Archive for February 22nd, 2013


“The implied transaction multiple on a 2014 earnings basis is 8.2x *** and on Irish Life’s June 2012 book value is 1.3x” extract from the press release from Great West Life announcing the acquisition, subject to regulatory confirmation, of Irish Life from the Irish government for €1.3bn

No, Minister for Finance Michael Noonan extracted €1.3bn from the buyer Great West Life in a deal announced this week, and he obtained a pre-sale dividend from Irish Life of €40m, meaning the deal was worth €1.34bn and that compares with the value placed on Irish Life by the Department of Finance last Summer 2012 and it is also around the €1.3bn sale price in December 2011, when it is understood GWL came close to buying Irish Life for €1.3bn. So, no, Minister Noonan didn’t give away Irish Life, but did he sell the life assurance company short?

There’s a strong body of opinion which suggests he did.

Remember 14 months ago – we were on the verge of closing the sale of Irish Life for €1.3bn. Cast your minds back to December 2011, that was when the euro was close to collapse, the new ECB president had announced a wall of cash with cheap 3-year loans to banks, Ireland’s long term borrowing costs were at 9%, we were convinced that Greece was on its way out of the euro and possibly, out of the EU. Domestically, the Q3,2011 national accounts showed that both GDP and GNP were declining, property prices were falling like a stone, unemployment was just under 15%, retail sales were down, construction was down and even our robust export sector looked as if it was under threat from lackluster demand from Europe and the UK. The ISEQ was at 2,900. In the UK, the Prudential was trading at 618p a share.

But since then – and remember in December 2011, the betting was that the sale of Irish Life to GWL would close at €1.3bn – the EuroZone has been calmed through a series of reassurances. Ireland has a deal on its promissory notes and our long term cost of borrowing is today at 3.6%. Unemployment is down at 14.6% though it is still elevated, the last half year of property prices has pointed to some stabilization, mortgage lending was up strongly in 2012 compared with 2011.  The ISEQ is at 3,700. The Prudential is trading at 977p a share.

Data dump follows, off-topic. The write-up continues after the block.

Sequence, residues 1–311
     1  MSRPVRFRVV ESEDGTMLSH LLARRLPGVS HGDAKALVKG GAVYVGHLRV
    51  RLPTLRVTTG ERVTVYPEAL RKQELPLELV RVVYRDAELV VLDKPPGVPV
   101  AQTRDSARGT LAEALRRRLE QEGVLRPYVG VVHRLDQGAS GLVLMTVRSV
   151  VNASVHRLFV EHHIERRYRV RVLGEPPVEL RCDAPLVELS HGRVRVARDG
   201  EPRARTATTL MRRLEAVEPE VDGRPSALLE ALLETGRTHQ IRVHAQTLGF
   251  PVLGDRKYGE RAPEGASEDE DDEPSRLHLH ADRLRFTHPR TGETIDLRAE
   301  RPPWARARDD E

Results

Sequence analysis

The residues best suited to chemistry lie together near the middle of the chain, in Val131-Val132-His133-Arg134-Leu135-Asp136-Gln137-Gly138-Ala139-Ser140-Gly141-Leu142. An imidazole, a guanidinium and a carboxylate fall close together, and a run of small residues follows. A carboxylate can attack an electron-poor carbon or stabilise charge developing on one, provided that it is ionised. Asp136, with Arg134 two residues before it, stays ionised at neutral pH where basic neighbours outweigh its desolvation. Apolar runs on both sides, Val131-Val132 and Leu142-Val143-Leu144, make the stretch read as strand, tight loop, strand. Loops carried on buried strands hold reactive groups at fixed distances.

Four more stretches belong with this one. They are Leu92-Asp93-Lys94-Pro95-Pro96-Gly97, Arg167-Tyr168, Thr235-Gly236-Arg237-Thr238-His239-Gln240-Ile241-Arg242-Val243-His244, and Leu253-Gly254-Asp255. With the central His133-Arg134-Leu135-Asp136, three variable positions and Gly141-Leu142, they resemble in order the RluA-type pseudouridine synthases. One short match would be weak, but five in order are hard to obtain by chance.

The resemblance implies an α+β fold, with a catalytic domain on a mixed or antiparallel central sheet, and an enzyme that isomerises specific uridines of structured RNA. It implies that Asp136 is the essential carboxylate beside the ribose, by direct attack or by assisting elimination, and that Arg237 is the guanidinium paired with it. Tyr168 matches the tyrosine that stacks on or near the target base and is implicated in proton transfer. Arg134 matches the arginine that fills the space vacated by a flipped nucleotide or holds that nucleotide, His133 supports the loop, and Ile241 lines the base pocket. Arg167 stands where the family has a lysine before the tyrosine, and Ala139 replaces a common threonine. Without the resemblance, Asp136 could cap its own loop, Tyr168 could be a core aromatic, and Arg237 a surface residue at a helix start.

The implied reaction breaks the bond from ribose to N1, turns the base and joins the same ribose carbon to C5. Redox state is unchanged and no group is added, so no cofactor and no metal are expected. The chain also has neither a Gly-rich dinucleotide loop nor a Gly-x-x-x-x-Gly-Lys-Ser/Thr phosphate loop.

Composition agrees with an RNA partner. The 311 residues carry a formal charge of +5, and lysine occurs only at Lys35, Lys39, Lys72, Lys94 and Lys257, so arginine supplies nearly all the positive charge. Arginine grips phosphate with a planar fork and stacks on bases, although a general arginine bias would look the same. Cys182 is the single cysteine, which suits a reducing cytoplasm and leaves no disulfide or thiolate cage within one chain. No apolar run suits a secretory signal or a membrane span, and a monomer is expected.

So, we’re in an altogether better place than December 2011, when the sale price was €1.3bn. But the sale price hasn’t changed, and when you compare Irish Life with a European peer like Prudential, you might expect a current valuation to have a 50% premium on the €1.3bn valuation in December 2011.

There are various ways of valuing a company, including comparing valuations with other similar companies, but what stands out with the Irish Life sale is that using the multiple method of valuation where you take a company’s profit and multiply that by the ratio of valuations to profit of similar companies, is that Irish Life was sold short. According to the press release issued by Great West Life when it announced the acquisition of Irish Life this week, it is paying 8.2 times the earnings in 2014. Right now, Prudential in the UK is trading at 15.98 times its earnings – almost double.

The UK is a different market to Ireland, but if anything, it is far more competitive so you would expect a British life assurer to be trading at a smaller price earnings multiple than an Irish company. The UK economy is also facing lower growth than in Ireland, and it faces a triple dip recession. All the more reason for the Irish company to be worth more.

Minister Noonan refuses to provide any real information on the sale of Irish Life. He dismisses any challenge to the sale with the assurance that Goldman Sachs were heavily involved on our behalf.

Feeling reassured?